The only positive thing to come from the meeting, Terink wrote to Gabites on August 19, was “news that there will be a second report about compliance that Richard P [presumably Richard Purdon, mentioned in earlier emails] and I could work on”.

“That tells me ECan is actually willing to take action based on the technical work I carried out. That made me change my mind with author name on the report, as I think to see something being done with my findings.”

But the situation fell apart again after the final meeting, on September 9, after which Gabites wrote to Terink and Davie.

The nub of the issue is potentially clearer, with Gabites stating Shanhun’s review of the Rakaia report raised concerns about “several paragraphs exposing organisational risk”.

Terink responded the evidence related to Trustpower and Central Plains was clear “and this should remain in the report”.

As Terink pointed out in the meeting, the project’s scope, signed off by Helen Shaw, allowed for compliance matters.

Kerr’s review raised the “adversarial nature of some of the work”, which Terink said he addressed. “We disagree,” Gabites wrote. It also defended the experience and qualifications of Shaw, Shanhun, and Clark.

The review process “may have let you down”, Gabites wrote to Terink, but his reactions to feedback “need to change”. “We discussed possibly a lack of support through the process, and you reminded us that the scope does discuss compliance.”

Clark’s run-through of the report was completed, and another review by Gabites and Shaw was underway.

But there was still a butting of heads. Terink was concerned the changes were being hidden from him. Gabites wrote: “To which we reminded you that this is difficult as you actually withdrew from the project and took name off the report”.

Terink told his bosses he was passionate about the Rakaia catchment and wanted to see the finished report. But tensions remained. “BUT really waiting to see how you are and if you’re willing to take part any further,” Gabites wrote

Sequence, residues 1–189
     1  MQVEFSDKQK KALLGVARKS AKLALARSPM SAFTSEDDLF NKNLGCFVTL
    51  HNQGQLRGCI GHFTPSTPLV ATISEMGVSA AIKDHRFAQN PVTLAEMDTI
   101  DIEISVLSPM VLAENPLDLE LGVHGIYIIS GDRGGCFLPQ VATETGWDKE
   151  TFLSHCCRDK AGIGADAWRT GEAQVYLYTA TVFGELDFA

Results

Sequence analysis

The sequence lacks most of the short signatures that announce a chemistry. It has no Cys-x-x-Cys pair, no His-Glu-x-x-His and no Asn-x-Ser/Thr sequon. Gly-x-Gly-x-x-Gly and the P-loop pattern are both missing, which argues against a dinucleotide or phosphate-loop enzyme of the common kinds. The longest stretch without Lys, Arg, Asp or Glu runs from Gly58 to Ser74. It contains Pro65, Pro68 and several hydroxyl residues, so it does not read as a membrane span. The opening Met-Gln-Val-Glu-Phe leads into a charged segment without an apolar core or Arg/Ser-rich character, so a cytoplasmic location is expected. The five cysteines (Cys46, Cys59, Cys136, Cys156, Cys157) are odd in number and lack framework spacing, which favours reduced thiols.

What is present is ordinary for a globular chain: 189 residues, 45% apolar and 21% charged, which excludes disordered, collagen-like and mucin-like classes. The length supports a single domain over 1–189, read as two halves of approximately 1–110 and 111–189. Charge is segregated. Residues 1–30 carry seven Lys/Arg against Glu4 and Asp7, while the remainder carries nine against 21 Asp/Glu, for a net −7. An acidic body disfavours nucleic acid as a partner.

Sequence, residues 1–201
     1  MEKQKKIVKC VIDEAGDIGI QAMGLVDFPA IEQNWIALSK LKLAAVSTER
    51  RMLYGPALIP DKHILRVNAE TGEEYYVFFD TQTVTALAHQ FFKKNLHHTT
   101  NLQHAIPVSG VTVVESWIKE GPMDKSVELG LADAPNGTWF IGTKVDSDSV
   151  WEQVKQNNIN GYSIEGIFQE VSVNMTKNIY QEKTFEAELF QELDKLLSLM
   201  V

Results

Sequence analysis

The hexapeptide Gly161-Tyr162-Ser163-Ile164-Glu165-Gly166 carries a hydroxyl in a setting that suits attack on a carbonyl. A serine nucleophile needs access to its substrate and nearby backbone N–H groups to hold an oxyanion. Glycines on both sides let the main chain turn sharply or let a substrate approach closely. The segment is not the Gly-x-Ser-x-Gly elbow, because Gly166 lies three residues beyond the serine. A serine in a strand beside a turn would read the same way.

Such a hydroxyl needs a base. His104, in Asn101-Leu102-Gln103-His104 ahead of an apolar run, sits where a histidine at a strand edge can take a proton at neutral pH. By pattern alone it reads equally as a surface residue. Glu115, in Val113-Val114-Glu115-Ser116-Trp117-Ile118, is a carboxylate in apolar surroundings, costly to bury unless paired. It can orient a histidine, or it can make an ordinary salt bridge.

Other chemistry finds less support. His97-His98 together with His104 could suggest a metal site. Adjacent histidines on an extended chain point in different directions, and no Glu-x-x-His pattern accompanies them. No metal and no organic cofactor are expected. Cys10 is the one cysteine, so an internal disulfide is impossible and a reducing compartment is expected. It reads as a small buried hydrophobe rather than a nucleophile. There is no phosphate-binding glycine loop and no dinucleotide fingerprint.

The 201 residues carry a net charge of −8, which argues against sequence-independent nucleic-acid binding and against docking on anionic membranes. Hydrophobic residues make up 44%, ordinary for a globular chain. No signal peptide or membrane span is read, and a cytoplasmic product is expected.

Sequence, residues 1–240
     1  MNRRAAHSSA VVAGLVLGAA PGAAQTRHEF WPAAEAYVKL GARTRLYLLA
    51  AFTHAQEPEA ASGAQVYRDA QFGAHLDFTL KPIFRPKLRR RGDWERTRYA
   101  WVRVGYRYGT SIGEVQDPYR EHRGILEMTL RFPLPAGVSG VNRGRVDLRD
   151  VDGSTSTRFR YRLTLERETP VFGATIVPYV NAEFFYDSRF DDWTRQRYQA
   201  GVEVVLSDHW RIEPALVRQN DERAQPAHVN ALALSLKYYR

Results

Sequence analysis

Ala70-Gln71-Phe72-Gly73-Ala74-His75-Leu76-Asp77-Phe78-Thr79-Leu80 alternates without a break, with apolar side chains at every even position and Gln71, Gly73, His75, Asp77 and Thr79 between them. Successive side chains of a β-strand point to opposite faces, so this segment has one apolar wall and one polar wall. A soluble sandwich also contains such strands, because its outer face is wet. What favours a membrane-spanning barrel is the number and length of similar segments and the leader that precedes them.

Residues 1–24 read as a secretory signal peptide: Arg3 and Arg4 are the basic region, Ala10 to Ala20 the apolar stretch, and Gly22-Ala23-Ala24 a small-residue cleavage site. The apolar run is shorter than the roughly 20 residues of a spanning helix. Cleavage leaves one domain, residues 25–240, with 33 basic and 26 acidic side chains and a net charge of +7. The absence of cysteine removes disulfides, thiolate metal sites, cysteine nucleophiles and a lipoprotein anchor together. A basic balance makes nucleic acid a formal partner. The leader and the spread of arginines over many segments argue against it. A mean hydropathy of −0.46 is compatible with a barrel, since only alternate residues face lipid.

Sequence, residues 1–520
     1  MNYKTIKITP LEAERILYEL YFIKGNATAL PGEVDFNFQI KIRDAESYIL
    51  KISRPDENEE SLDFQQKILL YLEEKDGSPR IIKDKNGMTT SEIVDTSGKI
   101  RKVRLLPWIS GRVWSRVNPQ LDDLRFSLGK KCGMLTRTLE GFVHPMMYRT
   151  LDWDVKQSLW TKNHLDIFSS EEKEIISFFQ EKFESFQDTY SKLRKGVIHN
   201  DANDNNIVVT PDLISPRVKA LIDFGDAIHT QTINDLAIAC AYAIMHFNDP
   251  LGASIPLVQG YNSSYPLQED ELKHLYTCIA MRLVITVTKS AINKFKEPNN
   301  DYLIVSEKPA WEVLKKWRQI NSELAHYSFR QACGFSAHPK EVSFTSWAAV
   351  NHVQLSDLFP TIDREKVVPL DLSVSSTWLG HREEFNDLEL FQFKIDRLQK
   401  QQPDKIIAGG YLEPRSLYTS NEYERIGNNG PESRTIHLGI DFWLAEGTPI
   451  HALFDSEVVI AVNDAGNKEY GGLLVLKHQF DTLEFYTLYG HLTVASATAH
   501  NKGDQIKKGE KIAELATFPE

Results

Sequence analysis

The email ends by continuing the series of “reminders” to its senior scientist.

“Reminder that when you are part of an organisation, sometimes you need to bend a bit.” And while the review process needed to be nailed down, “we reminded you that sometimes need arises to step outside of a set process”.

Terink left ECan soon after, and the Rakaia report remains unpublished by ECan, apart from a sanitised copy circulated to fishing groups under LGOIMA. (Gabites’ email noted the intervention of the Ombudsman. “We indicated the report should be ready for release mid Sept. We may look to lockdown and Wilco on leave to push out slightly.”)

Davie told Newsroom the “draft report” is “part of a larger/longer project about the Rakaia”.

“That project is ongoing and there will be more reports. Environment Canterbury runs a rigorous review process to ensure that its reports are objective, scientifically robust and defendable.”

With comments like that it’s little wonder Terink felt slighted.

How can a scientist not feel his work is being challenged in a cycle of constant reviews, “with no end in sight”? And if a scientific analysis reveals evidence of breaches, of either consents or, more importantly, a nationally important water conservation order, why not include that information in a “robust” report?

Without seeing the report’s different iterations it’s hard to tell if the changes were cosmetic or structural, ripping out all mentions of potential non-compliance.

But the emails between Terink and his bosses make one thing clear.

For more than a year, ECan’s top scientific managers were aware that two big companies might be taking more water than they were legally allowed. And for much of that time, they arm-wrestled with the senior scientist who uncovered the evidence about how much would be disclosed and in what way.

Several questions arise. If the regional council’s monitoring was robust shouldn’t it have known about this years ago? And what of the public’s right to know?

The potential breaches have only come to light through Newsroom’s reporting of the leaked May version of the Rakaia report. Since last November, when Terink circulated his key findings, how has ECan served the public interest? The evidence is unclear.

David Williams is Newsroom's environment editor, South Island correspondent and investigative writer.

Leave a comment